It seems like nearly every political figure in America is talking about gay marriage this week — except Mitt Romney.
The Republican presidential nominee has studiously avoided mentioning gay marriage — or any other divisive social issue — in event after event on the campaign trail this week.
Speaking to voters in Charlotte, North Carolina today, a pivotal swing state that passed a ban on gay marriage just three days ago, Romney kept his speech tightly focused on attacking President Barack Obama’s economic policies and assailing him for supporting the “old liberal policies from the past.”
“This is a recovery that’s been slow and tepid because of his policy,” he told a crowd gathered in the warehouse of a pipe and foundry company. “By his own measures, his policies haven’t worked.”
The remarks were nearly identical to those he gave yesterday in Omaha, Nebraska and in Lansing, Michigan earlier this week.
While candidates often deliver the same message day-after-day, Romney’s careful avoidance of the major topic dominating the news demonstrates how his campaign is trying to pivot away from the divisive social issue of gay marriage and back to more comfortable ground of economic issues.
His advisors are divided over how strongly to contrast Romney’s strong opposition to same-sex marriage with Obama’s endorsement of the policy which he articulated for the first time in an interview with ABC News this week. Some aides, like senior adviser Ed Gillespie, believe the campaign should make this issue “a bright-line difference in this campaign,” as a way to energize grassroots Republicans and independent voters in swing states — like North Carolina — who oppose gay marriage.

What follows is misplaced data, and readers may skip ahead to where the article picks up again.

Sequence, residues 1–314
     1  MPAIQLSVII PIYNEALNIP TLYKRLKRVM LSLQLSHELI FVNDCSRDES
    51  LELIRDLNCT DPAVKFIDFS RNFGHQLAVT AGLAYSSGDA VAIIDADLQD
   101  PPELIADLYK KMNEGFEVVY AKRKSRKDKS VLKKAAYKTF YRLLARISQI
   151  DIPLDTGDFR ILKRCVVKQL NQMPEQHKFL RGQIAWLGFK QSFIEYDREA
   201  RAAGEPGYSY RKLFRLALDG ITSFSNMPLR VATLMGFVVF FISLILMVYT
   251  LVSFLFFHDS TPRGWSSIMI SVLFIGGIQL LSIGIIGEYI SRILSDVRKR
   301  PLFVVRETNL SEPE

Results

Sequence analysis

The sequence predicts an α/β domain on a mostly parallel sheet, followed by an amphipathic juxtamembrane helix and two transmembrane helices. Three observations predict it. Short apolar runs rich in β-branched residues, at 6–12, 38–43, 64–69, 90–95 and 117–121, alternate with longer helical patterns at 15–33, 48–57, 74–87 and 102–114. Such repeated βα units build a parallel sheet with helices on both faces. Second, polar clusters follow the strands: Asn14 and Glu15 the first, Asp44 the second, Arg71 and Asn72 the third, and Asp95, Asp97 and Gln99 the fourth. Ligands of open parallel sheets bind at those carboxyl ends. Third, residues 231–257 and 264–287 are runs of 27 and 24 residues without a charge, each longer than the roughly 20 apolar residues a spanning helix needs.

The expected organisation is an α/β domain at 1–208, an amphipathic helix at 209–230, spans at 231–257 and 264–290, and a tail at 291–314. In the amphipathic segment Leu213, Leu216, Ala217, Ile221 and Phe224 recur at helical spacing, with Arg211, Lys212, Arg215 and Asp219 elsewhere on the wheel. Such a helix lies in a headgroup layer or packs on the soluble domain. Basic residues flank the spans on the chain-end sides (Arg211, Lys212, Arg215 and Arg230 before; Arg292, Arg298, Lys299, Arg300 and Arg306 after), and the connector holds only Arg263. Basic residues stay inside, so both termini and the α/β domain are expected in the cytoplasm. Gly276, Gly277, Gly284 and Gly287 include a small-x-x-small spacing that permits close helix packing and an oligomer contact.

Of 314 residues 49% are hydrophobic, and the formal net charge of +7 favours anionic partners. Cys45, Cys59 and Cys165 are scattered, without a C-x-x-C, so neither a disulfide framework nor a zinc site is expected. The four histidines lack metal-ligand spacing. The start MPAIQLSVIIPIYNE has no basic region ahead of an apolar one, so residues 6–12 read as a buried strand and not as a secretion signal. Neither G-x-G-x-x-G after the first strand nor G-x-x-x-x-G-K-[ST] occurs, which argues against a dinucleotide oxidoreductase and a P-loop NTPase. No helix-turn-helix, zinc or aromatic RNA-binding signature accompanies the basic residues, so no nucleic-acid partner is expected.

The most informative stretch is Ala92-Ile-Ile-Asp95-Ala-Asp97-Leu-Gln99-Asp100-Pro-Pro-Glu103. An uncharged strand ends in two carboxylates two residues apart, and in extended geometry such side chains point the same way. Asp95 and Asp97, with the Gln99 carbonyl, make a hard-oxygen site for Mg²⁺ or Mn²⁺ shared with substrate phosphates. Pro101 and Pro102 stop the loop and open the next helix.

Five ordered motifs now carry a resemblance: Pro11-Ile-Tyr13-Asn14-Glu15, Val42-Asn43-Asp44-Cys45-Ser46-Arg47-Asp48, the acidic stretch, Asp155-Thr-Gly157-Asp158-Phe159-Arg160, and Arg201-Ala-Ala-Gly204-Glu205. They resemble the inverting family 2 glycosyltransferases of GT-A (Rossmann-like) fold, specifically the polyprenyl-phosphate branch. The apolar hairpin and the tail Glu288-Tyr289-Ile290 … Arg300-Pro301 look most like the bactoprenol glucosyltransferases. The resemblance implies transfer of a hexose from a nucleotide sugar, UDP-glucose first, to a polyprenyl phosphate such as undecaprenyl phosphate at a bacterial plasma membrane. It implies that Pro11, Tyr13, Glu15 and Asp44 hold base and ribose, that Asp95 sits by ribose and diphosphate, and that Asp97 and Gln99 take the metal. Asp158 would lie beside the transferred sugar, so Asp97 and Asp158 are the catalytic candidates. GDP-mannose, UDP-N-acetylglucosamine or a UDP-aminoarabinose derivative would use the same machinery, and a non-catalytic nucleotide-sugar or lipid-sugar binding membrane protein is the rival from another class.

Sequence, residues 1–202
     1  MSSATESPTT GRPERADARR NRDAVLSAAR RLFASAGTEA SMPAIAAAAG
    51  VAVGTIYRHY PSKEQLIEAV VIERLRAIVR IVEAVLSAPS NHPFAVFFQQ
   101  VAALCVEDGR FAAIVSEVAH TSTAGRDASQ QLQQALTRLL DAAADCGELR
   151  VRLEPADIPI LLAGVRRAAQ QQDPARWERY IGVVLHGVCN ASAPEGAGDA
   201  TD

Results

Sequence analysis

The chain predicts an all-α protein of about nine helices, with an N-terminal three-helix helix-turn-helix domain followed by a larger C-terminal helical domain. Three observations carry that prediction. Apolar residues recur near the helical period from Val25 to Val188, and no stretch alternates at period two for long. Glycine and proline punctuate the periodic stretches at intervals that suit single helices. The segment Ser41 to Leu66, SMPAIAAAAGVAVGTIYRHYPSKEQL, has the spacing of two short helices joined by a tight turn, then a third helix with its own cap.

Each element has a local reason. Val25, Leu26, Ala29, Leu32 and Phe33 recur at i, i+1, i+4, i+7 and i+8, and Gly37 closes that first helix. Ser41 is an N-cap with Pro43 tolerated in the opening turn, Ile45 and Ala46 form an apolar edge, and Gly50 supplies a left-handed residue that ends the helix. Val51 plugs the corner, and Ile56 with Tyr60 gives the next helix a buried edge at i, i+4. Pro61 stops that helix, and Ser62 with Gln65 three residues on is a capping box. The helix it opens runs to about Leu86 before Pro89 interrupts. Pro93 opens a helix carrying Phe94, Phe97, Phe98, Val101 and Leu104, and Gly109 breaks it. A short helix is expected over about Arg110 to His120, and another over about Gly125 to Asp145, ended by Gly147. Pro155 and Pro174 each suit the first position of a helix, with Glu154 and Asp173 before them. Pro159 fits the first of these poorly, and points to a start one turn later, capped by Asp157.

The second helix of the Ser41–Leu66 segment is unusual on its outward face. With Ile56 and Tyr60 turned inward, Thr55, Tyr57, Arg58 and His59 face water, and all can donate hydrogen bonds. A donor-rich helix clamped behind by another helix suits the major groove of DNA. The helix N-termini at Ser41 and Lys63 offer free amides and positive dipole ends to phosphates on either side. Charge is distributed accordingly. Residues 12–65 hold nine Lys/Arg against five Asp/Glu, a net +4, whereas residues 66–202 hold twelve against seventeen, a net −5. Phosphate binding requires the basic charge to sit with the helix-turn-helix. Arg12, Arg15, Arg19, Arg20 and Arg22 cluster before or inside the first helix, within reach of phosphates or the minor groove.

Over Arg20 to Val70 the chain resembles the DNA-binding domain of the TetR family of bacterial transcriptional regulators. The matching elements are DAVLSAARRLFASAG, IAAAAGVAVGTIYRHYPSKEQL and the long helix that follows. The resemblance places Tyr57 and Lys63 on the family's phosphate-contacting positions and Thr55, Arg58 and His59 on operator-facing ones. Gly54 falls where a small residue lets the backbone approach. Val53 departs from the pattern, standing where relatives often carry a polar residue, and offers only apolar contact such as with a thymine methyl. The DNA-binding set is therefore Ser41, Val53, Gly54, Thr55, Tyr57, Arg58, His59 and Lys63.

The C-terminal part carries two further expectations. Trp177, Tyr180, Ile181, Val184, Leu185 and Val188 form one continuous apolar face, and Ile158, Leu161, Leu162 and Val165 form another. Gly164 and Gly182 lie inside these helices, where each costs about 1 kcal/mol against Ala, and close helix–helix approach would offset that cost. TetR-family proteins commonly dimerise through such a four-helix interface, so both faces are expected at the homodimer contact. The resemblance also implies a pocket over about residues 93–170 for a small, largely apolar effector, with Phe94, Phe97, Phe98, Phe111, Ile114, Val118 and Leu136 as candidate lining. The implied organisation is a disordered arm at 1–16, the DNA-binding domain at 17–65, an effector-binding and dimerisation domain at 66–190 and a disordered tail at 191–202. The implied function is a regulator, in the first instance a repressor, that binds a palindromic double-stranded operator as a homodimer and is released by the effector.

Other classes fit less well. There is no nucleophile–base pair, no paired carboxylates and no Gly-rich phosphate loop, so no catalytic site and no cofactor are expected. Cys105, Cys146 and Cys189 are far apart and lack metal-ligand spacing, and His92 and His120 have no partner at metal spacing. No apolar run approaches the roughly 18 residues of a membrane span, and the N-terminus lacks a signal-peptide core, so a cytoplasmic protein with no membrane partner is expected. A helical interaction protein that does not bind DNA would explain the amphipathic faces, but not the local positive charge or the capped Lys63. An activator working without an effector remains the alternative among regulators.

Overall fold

Others would prefer Romney stick to an economic message. The still-struggling economy is the major issue of the campaign and one that those aides argue gives Romney, a former private equity CEO, a natural advantage.
So far, the latter camp seems to be winning the debate. Romney is set to give the commencement address at Liberty University tomorrow, an evangelical Christian college that draws social conservatives, exactly the type of Republican voters that would be energized by their candidate picking a fight over gay marriage. But, as my colleague Julie Hirshfeld Davis reported this morning, Romney is not expected to deliver the cultural red meat that many in that wing of the party are craving. Instead, early excerpts of the speech released by the campaign show an address focused on improving the economy, and on the broader, nearly-universal graduation speaker themes of faith, family, work and service.